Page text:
Back at the exam centre, Vishal, 9, along with other boys his age, goes around the waiting applicants with a glue stick. “Rs 5 to stick one photo on the admit card,” Vishal informs, breaking into a smile.
The boys live in a nearby slum and don’t go to school.
Right next to the centre’s entrance, 24-year-old Pradeep Kumar has set up his shop — to keep bags of candidates. Standing between rows of numbered bags, he says, “Two years ago, I had appeared for the exam and lost two mobile phones. So this year I decided to help the candidates… The candidates are expected to come in advance; they will have their belongings with them,” says the BCom graduate, who hails from Baghpat.
Pradeep charges Rs 50 to keep a bag. Plus plastic cover against the rain. Those with lesser valuables and who find the charge too steep count on a tree outside the centre. From its branches hang belts, handkerchiefs, key chains.
Awaiting their turn, many hold conversations, about the rain, food, politics, and finally another thing they are convinced may prove a hurdle: reservation.
Standing amidst a group next to the board with names of candidates, Rahul Singh, 23, from Hardoi asks why the cut-off for SC/ST candidates is much lower. Another candidate, Rameshwar Singh, adds, “The age limit for SC/ST candidates is also higher.”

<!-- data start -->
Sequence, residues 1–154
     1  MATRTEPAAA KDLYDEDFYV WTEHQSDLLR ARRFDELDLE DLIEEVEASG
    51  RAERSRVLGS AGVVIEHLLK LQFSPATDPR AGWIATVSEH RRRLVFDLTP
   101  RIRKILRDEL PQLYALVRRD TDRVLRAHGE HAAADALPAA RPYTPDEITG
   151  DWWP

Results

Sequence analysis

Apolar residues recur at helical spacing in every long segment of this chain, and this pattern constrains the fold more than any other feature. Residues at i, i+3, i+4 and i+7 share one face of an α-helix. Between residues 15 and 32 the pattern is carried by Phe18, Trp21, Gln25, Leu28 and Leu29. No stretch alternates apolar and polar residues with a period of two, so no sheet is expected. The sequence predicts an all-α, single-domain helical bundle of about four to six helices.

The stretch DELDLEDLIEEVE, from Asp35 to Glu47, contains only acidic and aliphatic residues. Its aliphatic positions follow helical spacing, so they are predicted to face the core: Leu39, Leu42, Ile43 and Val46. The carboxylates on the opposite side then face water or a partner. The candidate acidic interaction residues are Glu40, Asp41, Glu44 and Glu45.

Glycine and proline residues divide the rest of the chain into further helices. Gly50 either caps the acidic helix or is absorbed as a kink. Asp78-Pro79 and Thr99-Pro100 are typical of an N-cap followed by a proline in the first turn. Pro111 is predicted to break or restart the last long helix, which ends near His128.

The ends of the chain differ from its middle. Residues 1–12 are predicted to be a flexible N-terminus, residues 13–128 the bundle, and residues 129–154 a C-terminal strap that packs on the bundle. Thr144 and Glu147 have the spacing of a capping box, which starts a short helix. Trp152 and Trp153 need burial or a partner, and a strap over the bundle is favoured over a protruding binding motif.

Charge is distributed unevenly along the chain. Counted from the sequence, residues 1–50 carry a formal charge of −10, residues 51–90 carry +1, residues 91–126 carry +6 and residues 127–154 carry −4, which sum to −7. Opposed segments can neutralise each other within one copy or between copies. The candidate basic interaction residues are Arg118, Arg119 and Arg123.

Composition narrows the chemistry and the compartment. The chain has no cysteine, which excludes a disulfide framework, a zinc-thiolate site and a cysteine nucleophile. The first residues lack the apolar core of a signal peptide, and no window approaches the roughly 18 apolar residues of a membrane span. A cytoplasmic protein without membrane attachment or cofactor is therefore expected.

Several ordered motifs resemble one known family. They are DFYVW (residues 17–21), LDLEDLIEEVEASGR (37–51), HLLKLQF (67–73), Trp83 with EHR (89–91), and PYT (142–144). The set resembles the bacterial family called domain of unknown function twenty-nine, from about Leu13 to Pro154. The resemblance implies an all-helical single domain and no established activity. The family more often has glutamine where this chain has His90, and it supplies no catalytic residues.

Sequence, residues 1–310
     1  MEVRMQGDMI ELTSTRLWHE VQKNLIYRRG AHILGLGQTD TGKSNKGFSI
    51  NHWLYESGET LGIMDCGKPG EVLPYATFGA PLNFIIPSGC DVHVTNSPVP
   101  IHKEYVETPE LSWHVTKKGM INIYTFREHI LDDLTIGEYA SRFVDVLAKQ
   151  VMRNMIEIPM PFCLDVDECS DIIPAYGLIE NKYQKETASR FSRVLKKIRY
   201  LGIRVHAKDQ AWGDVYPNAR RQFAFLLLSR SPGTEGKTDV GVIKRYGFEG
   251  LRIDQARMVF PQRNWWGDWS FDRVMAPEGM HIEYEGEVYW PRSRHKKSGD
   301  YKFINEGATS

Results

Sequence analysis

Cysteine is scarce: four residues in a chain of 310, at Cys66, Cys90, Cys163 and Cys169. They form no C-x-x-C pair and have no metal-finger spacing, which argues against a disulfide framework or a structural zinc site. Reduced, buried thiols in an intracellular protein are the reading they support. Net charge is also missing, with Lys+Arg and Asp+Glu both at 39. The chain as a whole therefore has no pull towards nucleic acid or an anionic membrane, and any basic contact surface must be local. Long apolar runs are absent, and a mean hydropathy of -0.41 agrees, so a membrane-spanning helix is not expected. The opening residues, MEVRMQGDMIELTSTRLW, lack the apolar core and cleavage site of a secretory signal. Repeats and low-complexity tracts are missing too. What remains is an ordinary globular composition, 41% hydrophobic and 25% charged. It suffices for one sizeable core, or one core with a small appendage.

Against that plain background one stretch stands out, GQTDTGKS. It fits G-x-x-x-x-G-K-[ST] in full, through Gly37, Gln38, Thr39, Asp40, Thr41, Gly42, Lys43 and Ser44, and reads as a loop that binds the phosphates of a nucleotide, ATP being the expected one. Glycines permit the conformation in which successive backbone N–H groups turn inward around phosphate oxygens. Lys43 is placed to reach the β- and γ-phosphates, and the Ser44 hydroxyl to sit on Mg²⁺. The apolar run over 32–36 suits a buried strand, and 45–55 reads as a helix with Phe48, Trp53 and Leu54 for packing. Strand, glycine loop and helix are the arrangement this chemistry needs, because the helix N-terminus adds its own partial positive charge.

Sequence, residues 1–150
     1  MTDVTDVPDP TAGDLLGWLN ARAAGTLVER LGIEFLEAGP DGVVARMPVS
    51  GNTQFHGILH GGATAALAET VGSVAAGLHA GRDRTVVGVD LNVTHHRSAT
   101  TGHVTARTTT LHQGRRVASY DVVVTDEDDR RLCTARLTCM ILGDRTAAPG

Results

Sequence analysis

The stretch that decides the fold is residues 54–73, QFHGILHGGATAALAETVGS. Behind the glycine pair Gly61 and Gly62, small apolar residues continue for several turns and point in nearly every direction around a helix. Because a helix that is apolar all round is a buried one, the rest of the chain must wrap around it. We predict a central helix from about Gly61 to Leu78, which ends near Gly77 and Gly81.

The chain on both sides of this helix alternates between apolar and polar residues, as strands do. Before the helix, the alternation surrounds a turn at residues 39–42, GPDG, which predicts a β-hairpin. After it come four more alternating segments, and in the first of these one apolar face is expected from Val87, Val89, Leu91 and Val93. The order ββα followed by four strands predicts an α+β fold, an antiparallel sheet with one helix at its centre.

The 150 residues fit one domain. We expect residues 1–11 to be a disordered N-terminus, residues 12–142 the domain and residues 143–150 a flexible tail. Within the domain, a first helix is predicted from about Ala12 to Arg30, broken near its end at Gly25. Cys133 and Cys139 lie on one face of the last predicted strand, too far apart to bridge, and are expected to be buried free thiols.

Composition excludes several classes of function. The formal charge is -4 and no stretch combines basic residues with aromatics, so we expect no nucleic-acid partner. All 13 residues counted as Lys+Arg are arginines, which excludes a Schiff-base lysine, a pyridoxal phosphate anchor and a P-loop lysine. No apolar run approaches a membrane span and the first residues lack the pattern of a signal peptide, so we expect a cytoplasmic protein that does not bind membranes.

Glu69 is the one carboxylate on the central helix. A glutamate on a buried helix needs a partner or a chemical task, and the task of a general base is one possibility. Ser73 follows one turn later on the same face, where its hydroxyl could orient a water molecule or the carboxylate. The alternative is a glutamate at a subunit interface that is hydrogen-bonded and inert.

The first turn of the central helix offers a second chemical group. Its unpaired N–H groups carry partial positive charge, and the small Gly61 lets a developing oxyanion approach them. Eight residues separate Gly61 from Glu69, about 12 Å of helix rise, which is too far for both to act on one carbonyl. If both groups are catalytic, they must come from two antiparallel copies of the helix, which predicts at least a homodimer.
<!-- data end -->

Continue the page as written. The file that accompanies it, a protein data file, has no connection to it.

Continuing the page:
Harish Chand, 21, a Dalit applicant from Dhanaura in Amroha, tries to argue, “I have two sisters and my father has been working as a daily wager, earning Rs 100 a day, for years. What is wrong if we get some concession?” But Rahul dismisses this, “We are poor too! Mazdoori keval aap nahin karte (You are not the only one doing manual labour).”
Before the conversation can become heated, comes the guard’s announcement — entry for the evening shift has begun.
As the crowd moves in a wave towards the entrance gate, Preeti Devi, 21, stands in a corner, holding her husband’s hand. Dressed in a blue sari with golden trimmings, her head covered, the BSc Agriculture graduate takes out her admit card and Aadhaar card. When asked what post she is hoping for, she gestures to her husband to answer. “Batao, batao (Say, say),” he suggests, then adds, “I hope she gets a helper’s job at the ticketing centre. She won’t take up the other posts.”